What is the Pediatric Sepsis Data CoLaboratory?
The Pediatric Sepsis Data CoLaboratory (Sepsis CoLab) is an international data-sharing network for collaboration to address pediatric sepsis mortality and morbidity. It is led by the Centre for International Child Health (CICH) at BC Children’s Hospital and the World Federation of Pediatric Intensive and Critical Care Societies (WFPICCS). To contribute towards the prevention of sepsis-related deaths and disability we need to collect accurate information on patients to support health care workers in making individual treatment decisions. In addition, analyzing this data can help hospitals gain insight into facility-wide processes, leading to a better understanding of the safety, quality and efficiency of their care. This international network shares information and data to further shared priorities among collaborators to improve sepsis treatments and outcomes.
What are the Sepsis CoLab’s focus areas?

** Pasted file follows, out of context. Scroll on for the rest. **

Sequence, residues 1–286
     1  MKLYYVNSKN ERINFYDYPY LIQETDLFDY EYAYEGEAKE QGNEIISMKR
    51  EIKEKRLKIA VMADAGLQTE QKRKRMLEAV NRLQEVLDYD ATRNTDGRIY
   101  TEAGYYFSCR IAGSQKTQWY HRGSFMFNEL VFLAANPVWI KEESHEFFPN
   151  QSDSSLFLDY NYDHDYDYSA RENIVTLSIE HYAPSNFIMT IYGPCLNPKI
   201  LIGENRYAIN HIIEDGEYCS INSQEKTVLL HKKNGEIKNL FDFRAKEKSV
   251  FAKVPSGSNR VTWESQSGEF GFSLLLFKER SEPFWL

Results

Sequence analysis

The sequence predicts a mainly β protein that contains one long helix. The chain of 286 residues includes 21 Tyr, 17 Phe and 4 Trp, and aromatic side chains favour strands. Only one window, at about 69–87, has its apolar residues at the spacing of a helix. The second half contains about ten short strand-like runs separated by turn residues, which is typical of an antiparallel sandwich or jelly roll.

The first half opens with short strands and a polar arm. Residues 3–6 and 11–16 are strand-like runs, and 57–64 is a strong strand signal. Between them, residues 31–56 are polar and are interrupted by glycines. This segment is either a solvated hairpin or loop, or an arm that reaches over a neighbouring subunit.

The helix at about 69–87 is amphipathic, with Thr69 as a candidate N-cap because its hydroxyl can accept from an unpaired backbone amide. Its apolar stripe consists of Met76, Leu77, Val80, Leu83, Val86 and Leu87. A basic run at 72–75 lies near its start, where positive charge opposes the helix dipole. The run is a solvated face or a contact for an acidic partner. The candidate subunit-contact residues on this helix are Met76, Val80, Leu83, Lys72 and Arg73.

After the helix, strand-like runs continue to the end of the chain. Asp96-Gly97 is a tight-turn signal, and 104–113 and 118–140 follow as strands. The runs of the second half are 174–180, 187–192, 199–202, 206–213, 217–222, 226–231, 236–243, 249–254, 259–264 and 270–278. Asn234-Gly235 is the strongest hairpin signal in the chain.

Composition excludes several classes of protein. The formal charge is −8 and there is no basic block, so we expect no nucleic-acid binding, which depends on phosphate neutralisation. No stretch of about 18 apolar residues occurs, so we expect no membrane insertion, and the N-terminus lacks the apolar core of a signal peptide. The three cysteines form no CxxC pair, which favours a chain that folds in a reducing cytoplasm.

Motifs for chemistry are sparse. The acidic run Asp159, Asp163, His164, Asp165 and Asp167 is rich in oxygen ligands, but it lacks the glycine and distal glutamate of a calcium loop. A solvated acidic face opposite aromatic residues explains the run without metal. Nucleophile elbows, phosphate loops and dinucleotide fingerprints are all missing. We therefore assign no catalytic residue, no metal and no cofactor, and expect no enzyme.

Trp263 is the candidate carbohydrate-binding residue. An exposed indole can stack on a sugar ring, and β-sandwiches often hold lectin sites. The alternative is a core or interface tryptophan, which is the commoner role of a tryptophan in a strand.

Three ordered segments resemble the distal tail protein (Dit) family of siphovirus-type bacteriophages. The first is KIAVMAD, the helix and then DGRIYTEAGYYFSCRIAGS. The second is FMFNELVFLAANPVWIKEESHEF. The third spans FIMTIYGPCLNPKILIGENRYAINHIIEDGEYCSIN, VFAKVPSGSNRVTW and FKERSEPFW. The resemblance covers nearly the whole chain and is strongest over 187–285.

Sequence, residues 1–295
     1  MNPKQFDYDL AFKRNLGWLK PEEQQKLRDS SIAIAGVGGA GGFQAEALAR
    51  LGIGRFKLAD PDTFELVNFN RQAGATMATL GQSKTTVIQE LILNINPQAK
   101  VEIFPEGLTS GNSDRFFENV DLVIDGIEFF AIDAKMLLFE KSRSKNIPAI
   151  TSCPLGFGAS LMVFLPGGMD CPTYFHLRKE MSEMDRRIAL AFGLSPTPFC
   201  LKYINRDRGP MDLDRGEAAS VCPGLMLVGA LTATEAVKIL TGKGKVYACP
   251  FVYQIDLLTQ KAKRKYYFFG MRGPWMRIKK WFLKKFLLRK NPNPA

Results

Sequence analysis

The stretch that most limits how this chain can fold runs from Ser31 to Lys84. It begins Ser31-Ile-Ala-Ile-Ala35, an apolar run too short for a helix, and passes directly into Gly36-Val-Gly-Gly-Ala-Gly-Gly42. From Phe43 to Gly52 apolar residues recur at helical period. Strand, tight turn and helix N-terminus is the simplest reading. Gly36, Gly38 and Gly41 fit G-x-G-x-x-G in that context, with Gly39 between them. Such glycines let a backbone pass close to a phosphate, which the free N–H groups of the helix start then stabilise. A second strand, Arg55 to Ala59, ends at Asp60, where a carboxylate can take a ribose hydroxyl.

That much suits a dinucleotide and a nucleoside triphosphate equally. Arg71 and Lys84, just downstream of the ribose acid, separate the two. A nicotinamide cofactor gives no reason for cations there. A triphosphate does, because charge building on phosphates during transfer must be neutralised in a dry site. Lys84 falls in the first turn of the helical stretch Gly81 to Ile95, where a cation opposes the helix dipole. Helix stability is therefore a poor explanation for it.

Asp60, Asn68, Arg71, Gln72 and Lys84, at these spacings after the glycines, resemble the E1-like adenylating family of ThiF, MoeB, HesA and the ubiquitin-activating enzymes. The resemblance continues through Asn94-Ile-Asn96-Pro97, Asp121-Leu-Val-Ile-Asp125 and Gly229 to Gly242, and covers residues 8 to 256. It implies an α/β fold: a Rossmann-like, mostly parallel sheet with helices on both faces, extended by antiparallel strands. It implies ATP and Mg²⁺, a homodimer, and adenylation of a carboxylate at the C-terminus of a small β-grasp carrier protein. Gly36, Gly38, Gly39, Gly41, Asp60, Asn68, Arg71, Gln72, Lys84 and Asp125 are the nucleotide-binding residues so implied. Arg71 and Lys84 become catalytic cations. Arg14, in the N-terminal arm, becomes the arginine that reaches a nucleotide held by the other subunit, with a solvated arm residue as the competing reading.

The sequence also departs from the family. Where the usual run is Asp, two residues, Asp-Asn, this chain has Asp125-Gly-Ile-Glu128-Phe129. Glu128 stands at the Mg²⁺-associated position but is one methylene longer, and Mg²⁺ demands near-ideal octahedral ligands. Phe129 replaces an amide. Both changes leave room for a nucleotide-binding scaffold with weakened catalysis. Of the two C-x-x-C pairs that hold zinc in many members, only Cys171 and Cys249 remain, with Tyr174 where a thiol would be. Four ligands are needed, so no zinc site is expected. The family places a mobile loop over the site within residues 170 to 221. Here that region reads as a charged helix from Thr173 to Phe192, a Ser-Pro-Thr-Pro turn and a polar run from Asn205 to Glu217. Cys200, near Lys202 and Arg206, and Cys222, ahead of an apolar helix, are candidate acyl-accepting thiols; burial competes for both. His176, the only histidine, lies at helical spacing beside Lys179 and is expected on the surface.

- Patient and facility data – develop tools to enhance the collection of relevant, accurate data for research and quality improvement.
- Mobile and web applications – develop tools to inform, diagnose, advise and plan for improved outcomes using low-cost mobile technologies.
- Modelling and analytics – share and use information and data to draw conclusions about the best courses of action
- Advocacy and prevention – advocate on a facility, national, and global scale for improved guidelines and practices for improved early recognition of sepsis.
Why join the Sepsis CoLab?
By joining the Sepsis CoLab, you will have the opportunity to collaborate with pediatric clinicians and sepsis experts from around the world and contribute towards advancing pediatric sepsis research and practice.
What are the benefits of membership?